Boyd Holbrook had barely ventured beyond his native Kentucky when he arrived in New York City to try his luck as an actor.
Boyd Holbrook had barely ventured beyond his native Kentucky when he arrived in New York City to try his luck as an actor. He gave himself two years to succeed but despite working with some big-name directors such as David Fincher (The Curious Case Of Benjamin Button, The Social Network), came desperately close to throwing in the towel. Things took a dramatic turn when Holbrook landed the role of DEA agent Steve Murphy in 2015 series Narcos, Netflix’s acclaimed examination of the rise of the cocaine trade in Columbia. It catapulted the actor into household-name territory. Next stop was a role on other side of the law, playing villain Donald Pierce and making life impossible for Wolverine (Hugh Jackman) in Logan.
Greenpoint, north of Brooklyn, is a working-class neighbourhood whose gentrification has started in earnest; renovated brick facades hide cafes and small shops of organic products. The 37-year-old Holbrook patiently waits for his interview on the ICON set inside one of the district’s warehouses, with its uninterrupted view of the Manhattan skyline. The actor is about head to Canada to film his next movie, and is dressed down for the journey in jeans, brown suede shoes and a red short-sleeved shirt with a slight crinkle.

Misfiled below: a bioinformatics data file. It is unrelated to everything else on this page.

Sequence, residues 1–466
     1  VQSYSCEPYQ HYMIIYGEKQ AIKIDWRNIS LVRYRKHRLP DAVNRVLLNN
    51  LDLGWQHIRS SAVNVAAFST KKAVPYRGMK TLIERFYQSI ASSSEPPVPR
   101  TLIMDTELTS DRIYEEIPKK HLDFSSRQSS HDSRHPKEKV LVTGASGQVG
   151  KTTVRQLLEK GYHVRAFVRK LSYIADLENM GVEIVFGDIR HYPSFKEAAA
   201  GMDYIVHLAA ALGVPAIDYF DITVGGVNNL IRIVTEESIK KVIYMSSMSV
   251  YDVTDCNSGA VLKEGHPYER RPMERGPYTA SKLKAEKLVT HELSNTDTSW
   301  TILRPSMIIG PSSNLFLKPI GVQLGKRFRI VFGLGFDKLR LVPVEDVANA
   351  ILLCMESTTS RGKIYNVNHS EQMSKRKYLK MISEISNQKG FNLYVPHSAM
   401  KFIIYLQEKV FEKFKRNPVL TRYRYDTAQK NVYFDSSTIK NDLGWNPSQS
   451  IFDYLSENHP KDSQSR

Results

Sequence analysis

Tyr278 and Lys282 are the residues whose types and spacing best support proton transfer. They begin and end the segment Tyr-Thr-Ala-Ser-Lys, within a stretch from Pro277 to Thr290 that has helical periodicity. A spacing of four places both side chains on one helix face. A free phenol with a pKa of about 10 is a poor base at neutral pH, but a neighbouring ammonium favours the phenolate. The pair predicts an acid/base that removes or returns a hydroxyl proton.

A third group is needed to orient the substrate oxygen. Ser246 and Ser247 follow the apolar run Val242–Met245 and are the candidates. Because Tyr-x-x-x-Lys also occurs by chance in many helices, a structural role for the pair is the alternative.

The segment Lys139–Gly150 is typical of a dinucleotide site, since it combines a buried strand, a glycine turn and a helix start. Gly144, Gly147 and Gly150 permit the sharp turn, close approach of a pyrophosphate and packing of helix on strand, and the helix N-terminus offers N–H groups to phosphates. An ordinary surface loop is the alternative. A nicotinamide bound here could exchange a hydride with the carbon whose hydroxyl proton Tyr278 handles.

Low-key he may be but at the time ICON was going to press, Holbrook found himself caught up in the headlines surrounding his new film, The Predator. His co-star, Olivia Munn, had a scene deleted from the film after realising the actor she was playing opposite — Steven Wilder Striegel — was a registered sex offender who had spent time in jail for grooming a teenager online. Holbrook was blasted on social media for taking four days to speak up about the controversy that engulfed promotion for the action film. At the Toronto International Film Festival in September, Munn said she felt isolated by her male co-stars who up until that point had remained silent. Holbrook responded immediately with a statement of support.
“I want to start by apologising for this statement coming late in the current conversation,” he said. “I do not take any of what has gone on lightly, and I want to speak from the most honest and genuine place possible. I have stated before, and I will state it again, I am proud of Olivia for the way that she handled a difficult and alarming situation, and I am grateful that Fox took the information seriously and took action swiftly.”